Poor old Scrooge. He had lived with his infirmity for so long (being a "squeezing, wrenching, grasping, scraping, clutching, covetous old sinner") that he was certain there was no hope for him. The three ghosts in one night did their work for him, however, and ... well, if you know Dickens' Christmas Carol, you know the rest.
What of the rest of us? What is it that is holding us back? And when are we 'too old to change'?
For most of us in the 60 and over bracket (about 17% of the population in Canada) the typical things that we correct, that might hold us back, are poor eyesight, and wonky hips, knees, and feet. Taking care of these problems has tremendous benefits for the patient and society in general. Those who are unable to walk properly generally have other co-related health problems. Families whose older members are independent have less to worry about.
Getting older doesn't have to mean life with pain or disability.
What of the older transexual? Are we ever too old to change? There are a lot of factors to consider and I don't expect to touch on them all in this post. However, I transitioned as a senior, so I know something of this. If the comment stream demands it, there may be more.
There is no reason to fear gender confirmation surgery more than you would other corrective surgeries. The risks are there, and you must know them. I would suggest that you be prepared for a long recovery, especially if you are FTM, which requires multiple surgeries.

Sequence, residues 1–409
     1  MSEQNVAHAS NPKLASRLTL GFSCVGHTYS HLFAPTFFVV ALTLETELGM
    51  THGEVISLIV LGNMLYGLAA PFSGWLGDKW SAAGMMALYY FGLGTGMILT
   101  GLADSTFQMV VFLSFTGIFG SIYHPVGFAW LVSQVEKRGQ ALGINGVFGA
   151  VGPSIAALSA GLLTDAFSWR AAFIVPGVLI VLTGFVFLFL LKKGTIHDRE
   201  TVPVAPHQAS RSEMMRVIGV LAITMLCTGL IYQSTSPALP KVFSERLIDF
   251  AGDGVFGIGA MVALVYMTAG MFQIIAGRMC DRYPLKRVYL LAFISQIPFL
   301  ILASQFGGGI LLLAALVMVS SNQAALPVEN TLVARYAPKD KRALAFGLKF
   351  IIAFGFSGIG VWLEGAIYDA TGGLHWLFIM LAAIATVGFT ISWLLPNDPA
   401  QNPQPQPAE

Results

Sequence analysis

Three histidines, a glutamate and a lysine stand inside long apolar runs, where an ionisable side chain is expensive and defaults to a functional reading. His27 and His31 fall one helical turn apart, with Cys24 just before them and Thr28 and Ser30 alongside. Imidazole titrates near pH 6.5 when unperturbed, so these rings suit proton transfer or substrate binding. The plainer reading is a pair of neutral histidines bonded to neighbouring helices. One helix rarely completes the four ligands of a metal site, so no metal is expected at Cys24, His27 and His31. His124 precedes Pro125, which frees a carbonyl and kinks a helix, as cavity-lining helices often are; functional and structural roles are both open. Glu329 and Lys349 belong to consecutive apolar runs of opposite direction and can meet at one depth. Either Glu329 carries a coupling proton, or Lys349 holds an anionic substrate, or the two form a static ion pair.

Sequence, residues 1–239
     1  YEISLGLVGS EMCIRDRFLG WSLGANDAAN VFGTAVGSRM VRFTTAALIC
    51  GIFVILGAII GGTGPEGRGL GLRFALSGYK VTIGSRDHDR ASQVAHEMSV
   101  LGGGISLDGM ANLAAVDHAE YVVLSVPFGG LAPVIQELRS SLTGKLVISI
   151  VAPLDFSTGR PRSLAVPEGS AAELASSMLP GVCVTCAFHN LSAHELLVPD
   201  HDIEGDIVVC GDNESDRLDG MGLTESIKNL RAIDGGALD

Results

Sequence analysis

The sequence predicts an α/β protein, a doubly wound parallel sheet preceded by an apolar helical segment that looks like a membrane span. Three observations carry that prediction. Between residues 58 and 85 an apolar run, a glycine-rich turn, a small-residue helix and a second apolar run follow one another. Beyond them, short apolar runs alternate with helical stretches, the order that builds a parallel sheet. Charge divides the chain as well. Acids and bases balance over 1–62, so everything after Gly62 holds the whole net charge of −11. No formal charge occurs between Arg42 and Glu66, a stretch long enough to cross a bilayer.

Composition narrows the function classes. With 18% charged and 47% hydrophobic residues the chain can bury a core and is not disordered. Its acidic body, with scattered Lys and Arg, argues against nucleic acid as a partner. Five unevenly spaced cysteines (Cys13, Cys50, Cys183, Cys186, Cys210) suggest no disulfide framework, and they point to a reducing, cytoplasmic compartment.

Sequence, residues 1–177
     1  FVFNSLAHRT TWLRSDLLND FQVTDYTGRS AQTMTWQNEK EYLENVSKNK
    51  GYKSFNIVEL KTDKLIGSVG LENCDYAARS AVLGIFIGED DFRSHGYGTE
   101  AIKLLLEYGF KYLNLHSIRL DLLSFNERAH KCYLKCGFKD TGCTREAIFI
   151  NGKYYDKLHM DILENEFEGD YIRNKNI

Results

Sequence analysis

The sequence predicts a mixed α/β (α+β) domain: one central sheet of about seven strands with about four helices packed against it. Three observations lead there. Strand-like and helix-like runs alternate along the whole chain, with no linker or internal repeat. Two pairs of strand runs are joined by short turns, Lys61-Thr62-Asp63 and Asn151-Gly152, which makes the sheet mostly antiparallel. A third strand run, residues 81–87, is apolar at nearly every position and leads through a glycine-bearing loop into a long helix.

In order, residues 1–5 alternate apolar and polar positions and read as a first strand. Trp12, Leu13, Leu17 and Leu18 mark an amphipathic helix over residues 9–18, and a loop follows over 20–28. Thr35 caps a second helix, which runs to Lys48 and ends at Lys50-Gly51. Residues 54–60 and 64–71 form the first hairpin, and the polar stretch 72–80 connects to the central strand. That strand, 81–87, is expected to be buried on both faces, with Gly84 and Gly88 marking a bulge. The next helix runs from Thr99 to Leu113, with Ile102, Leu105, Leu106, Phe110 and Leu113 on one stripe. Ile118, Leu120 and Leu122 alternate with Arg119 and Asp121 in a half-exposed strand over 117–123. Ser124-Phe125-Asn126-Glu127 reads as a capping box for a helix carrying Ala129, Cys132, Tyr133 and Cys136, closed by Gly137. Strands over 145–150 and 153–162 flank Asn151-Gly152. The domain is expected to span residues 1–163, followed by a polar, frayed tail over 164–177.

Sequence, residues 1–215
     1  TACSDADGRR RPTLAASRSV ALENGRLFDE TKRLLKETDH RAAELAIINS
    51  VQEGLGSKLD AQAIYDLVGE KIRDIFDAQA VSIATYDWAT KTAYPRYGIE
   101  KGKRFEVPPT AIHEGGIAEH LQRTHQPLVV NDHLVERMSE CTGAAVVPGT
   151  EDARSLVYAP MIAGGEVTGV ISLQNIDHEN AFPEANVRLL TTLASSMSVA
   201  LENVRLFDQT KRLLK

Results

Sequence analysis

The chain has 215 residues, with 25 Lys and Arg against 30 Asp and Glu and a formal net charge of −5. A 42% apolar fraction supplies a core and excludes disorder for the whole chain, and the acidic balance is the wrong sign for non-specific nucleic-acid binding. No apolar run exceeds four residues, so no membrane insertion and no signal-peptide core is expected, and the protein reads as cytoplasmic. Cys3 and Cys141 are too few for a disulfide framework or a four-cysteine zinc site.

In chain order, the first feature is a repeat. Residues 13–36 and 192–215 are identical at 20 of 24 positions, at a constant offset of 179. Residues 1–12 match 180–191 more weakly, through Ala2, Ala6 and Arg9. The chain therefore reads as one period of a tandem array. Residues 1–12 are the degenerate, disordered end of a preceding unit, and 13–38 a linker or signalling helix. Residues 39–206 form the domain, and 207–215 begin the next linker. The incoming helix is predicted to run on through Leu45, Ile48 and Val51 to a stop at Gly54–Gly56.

Being older often means being alone. As a transexual, you risk losing friends and family very suddenly. You might also lose a whole community. For example, if you are involved in a religious group, you might be shunned. Some might say that those who abandon you aren't worth keeping, but that is an individual choice, and one you must be prepared to accept.
Unless you have been there, it is hard to explain the imperative that drives those who transition. I had people tell me, when I tried to explain it to them, "You have lived this way all your life, so why can't you just do it a while longer? You don't have that much longer to live." That sort of response made it clear how impossible it was for them to grasp my situation. The fact is, the older I got the harder it became to suppress that drive. I cannot imagine what it would have been like to keep my life on hold for another year, never mind the rest of my life.
I will admit to being worried that as I age, there might be some 'interesting' consequences if I find myself in a home for the aged. Physically, I will be accepted as a woman, but, if as was the case with my father, there is dementia in my future, what then? Might I become confused and believe I have to present as a male as I did for so long? The answer is 'yes', I might. Hopefully by that time, an initiative taken in North Wales will have spread to health care workers in all civilized nations. A health board there has developed dementia care guidelines for workers who interact with trans patients.
Follow this link for another perspective on living in fear of dementia as a transperson.
A really well-written article, 'Age has nothing to do with it': how it feels to transition later in life was published in The Guardian this past November. I would recommend reading it if you are interested.
In so many ways, living a long life and getting old are not the same thing.